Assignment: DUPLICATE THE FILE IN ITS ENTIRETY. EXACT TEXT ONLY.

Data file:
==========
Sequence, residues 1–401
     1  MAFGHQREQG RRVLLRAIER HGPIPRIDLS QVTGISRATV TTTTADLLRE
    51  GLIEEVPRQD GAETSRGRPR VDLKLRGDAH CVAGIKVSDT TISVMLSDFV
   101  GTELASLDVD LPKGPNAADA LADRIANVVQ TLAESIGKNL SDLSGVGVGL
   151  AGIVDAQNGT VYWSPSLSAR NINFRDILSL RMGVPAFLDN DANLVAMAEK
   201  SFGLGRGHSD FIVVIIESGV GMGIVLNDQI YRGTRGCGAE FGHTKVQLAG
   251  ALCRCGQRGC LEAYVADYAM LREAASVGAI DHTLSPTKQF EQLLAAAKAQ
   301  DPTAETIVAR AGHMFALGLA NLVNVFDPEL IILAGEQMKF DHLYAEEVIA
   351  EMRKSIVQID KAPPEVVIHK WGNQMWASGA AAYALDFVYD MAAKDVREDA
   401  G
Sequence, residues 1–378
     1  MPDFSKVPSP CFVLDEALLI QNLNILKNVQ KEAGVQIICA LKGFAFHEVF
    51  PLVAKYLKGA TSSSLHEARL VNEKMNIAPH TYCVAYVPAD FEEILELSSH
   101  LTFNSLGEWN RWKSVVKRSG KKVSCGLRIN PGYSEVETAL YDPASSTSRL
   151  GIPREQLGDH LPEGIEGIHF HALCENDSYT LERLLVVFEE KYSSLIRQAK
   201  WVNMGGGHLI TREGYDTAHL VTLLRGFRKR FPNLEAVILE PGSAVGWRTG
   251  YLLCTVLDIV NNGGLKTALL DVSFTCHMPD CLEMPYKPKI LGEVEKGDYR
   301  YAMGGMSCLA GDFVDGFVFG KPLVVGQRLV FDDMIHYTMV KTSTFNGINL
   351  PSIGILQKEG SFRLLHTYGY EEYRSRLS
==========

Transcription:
Sequence, residues 1–401
     1  MAFGHQREQG RRVLLRAIER HGPIPRIDLS QVTGISRATV TTTTADLLRE
    51  GLIEEVPRQD GAETSRGRPR VDLKLRGDAH CVAGIKVSDT TISVMLSDFV
   101  GTELASLDVD LPKGPNAADA LADRIANVVQ TLAESIGKNL SDLSGVGVGL
   151  AGIVDAQNGT VYWSPSLSAR NINFRDILSL RMGVPAFLDN DANLVAMAEK
   201  SFGLGRGHSD FIVVIIESGV GMGIVLNDQI YRGTRGCGAE FGHTKVQLAG
   251  ALCRCGQRGC LEAYVADYAM LREAASVGAI DHTLSPTKQF EQLLAAAKAQ
   301  DPTAETIVAR AGHMFALGLA NLVNVFDPEL IILAGEQMKF DHLYAEEVIA
   351  EMRKSIVQID KAPPEVVIHK WGNQMWASGA AAYALDFVYD MAAKDVREDA
   401  G
Sequence, residues 1–378
     1  MPDFSKVPSP CFVLDEALLI QNLNILKNVQ KEAGVQIICA LKGFAFHEVF
    51  PLVAKYLKGA TSSSLHEARL VNEKMNIAPH TYCVAYVPAD FEEILELSSH
   101  LTFNSLGEWN RWKSVVKRSG KKVSCGLRIN PGYSEVETAL YDPASSTSRL
   151  GIPREQLGDH LPEGIEGIHF HALCENDSYT LERLLVVFEE KYSSLIRQAK
   201  WVNMGGGHLI TREGYDTAHL VTLLRGFRKR FPNLEAVILE PGSAVGWRTG
   251  YLLCTVLDIV NNGGLKTALL DVSFTCHMPD CLEMPYKPKI LGEVEKGDYR
   301  YAMGGMSCLA GDFVDGFVFG KPLVVGQRLV FDDMIHYTMV KTSTFNGINL
   351  PSIGILQKEG SFRLLHTYGY EEYRSRLS